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cutting Bevel angle for hardwoods


BobC

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I've been searching the forum for sometime now for recommended cutting bevel for harder woods. Can't find anything yet. I been working on Basswood for years now and know that for the harder woods (like Boxwood?) for instance, the angle should be around 20-25 degrees. My tool angles are setup for Basswood and approx. 17-20degrees. I did a little carving on White Oak in the past and broke the cutting edges at times. I was a beginner then and maybe made the mistake of prying causing the problem. I sure don't want to change my cutting edges angles everytime I carve harder woods. I look forward to thoughts/suggestions for my questions please?

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I am not an expert on this, and frankly, did not know there was a preferred choice. (Being self taught has disadvantages when I don't know the questions to ask.) I have tools of various bevel angles, and use them in different ways, all on boxwood and other hard tools. The key for the different tools for me is to keep them sharp. The widest angles (thicker closer to the cutting edge) seem to be used more as scrapers, though there are some tools that are just right for scrapers that have thinner angles, having a long angled edge and sharp point.

 

I use tools not like wood carvers who do bas relief or sculpture with a mallet. With the hard and dense woods, only a little wood can be removed with the tiny tools when closer in to the finished work doing details. Before detail work, the power tool is used to remove that which is not part of the subject, and then some larger (maybe 1/4 inch) gouges that are fairly acute (thin) and sharp, remove some wood in thin passes. I then move to the smaller tools Using the tools by hand you can learn to feel when the grain is being caught rather than being cut, and you just stop, turn the wood and work from the proper direction. If you pry, it will likely do damage to tool and to carving, as you seem to realize already.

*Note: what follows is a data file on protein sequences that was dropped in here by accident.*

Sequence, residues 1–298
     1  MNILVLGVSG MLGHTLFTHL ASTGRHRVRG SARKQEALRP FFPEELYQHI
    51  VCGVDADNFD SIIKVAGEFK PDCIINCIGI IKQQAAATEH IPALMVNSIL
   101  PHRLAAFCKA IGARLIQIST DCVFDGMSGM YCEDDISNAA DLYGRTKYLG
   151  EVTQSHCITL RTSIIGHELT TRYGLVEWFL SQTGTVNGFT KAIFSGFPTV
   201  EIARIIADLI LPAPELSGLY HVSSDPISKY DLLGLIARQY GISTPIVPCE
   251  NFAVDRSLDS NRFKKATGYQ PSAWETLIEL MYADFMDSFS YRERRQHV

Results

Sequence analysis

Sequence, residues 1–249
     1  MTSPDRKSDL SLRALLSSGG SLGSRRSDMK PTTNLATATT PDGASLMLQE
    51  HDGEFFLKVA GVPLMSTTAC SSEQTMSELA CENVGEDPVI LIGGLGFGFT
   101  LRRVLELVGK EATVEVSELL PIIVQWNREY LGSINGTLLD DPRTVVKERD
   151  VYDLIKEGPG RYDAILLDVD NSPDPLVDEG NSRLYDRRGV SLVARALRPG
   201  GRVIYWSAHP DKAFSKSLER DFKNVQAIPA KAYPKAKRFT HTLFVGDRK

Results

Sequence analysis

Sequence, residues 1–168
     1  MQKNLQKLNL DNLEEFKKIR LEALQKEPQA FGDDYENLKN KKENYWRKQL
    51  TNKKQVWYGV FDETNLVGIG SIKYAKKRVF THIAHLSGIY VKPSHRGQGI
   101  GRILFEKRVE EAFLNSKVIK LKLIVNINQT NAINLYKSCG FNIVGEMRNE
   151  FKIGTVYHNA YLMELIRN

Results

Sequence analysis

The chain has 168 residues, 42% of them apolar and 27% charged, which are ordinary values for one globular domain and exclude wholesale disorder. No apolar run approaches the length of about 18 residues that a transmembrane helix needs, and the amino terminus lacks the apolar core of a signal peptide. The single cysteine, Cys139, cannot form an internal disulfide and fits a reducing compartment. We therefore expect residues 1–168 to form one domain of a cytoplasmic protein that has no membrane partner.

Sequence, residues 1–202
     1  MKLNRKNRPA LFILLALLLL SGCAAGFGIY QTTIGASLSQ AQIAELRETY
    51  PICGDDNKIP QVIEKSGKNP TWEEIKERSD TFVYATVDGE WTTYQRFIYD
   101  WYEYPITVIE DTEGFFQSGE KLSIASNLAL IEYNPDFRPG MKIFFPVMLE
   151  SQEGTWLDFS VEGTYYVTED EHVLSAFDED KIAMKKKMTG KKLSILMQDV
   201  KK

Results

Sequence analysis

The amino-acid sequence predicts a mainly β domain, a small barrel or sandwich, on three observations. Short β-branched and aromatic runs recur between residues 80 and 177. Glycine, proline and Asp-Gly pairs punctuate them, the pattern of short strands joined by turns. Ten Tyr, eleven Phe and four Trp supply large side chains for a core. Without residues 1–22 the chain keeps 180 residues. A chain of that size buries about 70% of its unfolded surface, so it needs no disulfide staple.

Your question, when answered by those who know, will help me to learn too. Thanks for asking the question.

 

Janel

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You are right about the angles for hardwood being around 20 to 25 degrees. Keep in mind that some tools are more brittle than others. I know that my English carving tools are the most fragile at the edge while the Swiss tools are the strongest. You could keep a longer bevel, say 30 degrees and working small this would probably work out well. The other option if there is enough room for the tool to move is to make a paring cut, angling the cut across the wood instead of straight into it.

Good luck!

 

Mark

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Boggiecarving, Mark & Janel

As a common or garden woodworker/carpenter/joiner, apart from carving that is, I have learned from all my books and from what has been engraved on the plane blades by the manufacturers that the "standard" angle for grinding is 25 degrees and sharpening/honing is 30 degrees. For pine or other soft wood subtract 5 degrees and for hard wood you may find you need an extra 5 degrees. Morticing chisels (not used for carving ) are used with a mallet and are ground at 30 and sharpened at 35 degrees. For hand work try to stay around the 20degree mark BUT use and experience and the wood will dictate the final angle to use. 17 is more like a knife and works fine on soft wood but the edge will be fragile and unless the steel is well tempered the edge may chip easily. Dont use with a mallet!! Gently, gently Bently!

Love your chisels and they will love you back .... "until death do us depart"

Toothy

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